FDA Warns Against Distribution of Powdered Caffeine

pediatriccenterofroundrock.com
pediatriccenterofroundrock.com

Most people don’t look at their morning cup of coffee and think “poison.” However, what most people forget is that caffeine is, ultimately, a drug. This week, the FDA issued official warnings to five different distributors of powdered caffeine, saying that the distributors must stop in 15 days, or they will be shut down.

The powdered caffeine craze follows a similar craze for powdered alcohol, which has grown in popularity due to its ease of consumption and the ability to cut down on calories found in many sugary mixed drinks. The danger doesn’t lie in consuming alcohol or caffeine in their powdered forms, but in the powder’s potency. One teaspoon of powdered caffeine contains the equivalent of 28 cups of coffee. That’s a buzz that won’t wear off so easily.

In fact, last year, two men died from overdosing on powdered caffeine. Logan Stiner was one of them. Stiner was slated to be prom king at his school in Ohio; the honors student miscalculated the dosage and suffered a fatal cardiac arrhythmia, due entirely to his consumption of caffeine powder.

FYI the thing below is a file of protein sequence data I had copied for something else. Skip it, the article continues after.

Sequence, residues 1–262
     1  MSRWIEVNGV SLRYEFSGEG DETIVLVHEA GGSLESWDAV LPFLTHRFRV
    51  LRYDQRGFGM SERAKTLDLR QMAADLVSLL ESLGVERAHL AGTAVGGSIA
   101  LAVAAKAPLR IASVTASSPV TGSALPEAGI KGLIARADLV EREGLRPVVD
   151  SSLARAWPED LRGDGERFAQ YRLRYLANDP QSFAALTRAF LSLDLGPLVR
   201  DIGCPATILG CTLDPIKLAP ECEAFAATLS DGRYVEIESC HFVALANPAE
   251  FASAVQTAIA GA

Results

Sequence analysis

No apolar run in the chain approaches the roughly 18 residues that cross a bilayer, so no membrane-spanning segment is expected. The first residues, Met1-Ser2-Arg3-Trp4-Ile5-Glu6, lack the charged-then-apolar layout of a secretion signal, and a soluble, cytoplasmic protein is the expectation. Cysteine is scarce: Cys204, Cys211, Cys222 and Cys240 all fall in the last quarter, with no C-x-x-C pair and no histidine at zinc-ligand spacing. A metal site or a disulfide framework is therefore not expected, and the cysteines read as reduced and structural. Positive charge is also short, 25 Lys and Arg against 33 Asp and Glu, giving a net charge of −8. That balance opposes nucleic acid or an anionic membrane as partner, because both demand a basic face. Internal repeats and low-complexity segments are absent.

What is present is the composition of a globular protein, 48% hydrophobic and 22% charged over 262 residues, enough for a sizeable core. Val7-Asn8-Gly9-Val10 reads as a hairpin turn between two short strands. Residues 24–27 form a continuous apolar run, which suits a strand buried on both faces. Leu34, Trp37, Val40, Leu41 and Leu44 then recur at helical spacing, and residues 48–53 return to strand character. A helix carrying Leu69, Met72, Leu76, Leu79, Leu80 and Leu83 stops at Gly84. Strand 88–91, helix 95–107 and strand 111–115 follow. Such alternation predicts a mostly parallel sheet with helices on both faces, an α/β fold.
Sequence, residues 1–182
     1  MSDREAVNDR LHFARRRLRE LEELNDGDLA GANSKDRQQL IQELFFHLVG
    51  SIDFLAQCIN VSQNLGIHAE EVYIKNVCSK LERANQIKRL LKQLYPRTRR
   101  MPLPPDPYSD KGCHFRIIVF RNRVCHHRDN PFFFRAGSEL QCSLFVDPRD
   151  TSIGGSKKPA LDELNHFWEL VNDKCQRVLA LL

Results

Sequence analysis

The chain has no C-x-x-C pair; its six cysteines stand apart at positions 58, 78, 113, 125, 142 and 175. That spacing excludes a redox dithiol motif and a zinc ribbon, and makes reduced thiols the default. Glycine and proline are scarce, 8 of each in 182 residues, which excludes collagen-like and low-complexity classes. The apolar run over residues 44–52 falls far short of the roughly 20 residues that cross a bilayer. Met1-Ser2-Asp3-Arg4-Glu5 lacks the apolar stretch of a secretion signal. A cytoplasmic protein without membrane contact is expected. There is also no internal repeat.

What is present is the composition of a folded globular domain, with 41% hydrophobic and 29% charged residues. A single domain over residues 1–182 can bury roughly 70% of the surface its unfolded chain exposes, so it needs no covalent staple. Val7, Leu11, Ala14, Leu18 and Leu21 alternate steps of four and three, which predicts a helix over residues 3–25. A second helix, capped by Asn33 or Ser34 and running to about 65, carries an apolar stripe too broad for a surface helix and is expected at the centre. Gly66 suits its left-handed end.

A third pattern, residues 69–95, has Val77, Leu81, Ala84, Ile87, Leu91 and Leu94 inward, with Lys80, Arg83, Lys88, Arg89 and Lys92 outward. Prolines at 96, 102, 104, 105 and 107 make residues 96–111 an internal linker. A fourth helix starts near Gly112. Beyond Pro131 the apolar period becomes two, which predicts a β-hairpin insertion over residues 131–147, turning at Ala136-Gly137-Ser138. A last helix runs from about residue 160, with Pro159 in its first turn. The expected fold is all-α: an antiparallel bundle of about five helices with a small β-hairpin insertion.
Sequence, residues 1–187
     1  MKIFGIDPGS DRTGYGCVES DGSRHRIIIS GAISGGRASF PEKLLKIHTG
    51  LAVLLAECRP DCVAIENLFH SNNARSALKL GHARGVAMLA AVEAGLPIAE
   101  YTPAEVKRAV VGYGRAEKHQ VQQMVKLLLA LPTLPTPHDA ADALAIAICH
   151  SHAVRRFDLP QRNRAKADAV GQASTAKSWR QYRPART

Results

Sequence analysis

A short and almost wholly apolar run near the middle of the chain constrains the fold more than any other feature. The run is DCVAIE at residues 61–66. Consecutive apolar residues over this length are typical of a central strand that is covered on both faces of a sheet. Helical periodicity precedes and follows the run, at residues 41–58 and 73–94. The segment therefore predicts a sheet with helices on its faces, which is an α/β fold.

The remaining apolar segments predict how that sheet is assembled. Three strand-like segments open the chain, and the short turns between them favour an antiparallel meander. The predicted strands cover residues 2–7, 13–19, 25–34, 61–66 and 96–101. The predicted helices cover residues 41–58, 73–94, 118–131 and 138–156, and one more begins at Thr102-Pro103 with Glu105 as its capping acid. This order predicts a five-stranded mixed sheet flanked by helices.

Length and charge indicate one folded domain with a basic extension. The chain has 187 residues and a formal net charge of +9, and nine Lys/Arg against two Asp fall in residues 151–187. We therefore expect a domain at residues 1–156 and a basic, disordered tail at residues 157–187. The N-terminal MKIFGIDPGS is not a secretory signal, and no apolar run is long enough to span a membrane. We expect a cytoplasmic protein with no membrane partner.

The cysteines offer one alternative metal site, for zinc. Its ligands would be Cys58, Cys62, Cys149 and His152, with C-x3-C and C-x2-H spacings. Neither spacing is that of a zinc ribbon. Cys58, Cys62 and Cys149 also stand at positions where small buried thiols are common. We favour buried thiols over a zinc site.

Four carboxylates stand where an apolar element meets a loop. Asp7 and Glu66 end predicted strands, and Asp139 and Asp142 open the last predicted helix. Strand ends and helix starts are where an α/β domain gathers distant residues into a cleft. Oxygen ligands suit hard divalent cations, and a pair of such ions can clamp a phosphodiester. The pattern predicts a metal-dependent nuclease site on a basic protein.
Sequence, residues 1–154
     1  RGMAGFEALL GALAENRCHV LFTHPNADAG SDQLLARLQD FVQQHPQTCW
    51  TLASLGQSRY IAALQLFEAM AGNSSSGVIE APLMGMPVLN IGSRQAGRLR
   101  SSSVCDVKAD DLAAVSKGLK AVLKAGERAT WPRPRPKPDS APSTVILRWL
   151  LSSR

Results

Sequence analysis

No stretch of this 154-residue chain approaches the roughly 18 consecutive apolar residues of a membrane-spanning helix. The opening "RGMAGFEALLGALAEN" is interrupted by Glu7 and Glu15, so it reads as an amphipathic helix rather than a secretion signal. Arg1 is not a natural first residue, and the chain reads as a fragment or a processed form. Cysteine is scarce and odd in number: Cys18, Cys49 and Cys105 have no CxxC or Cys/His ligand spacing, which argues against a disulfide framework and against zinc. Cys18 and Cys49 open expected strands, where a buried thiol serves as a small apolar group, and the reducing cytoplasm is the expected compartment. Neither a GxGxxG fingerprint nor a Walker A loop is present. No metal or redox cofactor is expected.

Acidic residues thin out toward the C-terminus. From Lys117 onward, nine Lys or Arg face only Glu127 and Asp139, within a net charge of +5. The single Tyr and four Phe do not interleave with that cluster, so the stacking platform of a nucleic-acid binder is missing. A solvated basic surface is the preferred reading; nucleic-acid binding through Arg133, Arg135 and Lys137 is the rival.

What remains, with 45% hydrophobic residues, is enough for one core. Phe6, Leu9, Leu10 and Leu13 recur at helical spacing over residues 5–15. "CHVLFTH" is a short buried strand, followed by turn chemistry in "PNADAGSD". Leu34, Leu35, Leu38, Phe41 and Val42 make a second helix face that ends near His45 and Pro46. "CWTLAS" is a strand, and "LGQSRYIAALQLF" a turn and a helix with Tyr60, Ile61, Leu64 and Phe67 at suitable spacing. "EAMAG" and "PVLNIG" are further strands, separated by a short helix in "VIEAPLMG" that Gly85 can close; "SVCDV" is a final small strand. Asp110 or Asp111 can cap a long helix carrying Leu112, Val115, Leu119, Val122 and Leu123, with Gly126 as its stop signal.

The distributors warned by the FDA include Bridge City Bulk, Purebulk, Smartpowders, National Food Supplements and Hard Eight Nutrition. Many of these distributors make products catered to people seeking dietary supplements for health purposes. For example, Smartpowders sells B12, protein and fat burning supplements, among many others. The search for “caffeine” on their website yields no less than 238 results, many of which are marketed as “pre-workout” supplements and are not labeled as pure caffeine pills, which may confuse consumers.

The FDA’s warnings primarily concern the fact that dosage information must be clearer for anybody intending to sell pure powdered caffeine. Many distributors list dosage information for one eighth and one quarter of a teaspoon, when in fact this much powdered caffeine is well beyond what a regular person should consume at any one time. An appropriate dose of powdered caffeine is approximately one sixteenth of a teaspoon – a measuring device very few people likely have at home. Because of this, overdosing is a very likely possibility for the average consumer. The distributors will have until September 11 to remedy the situation.

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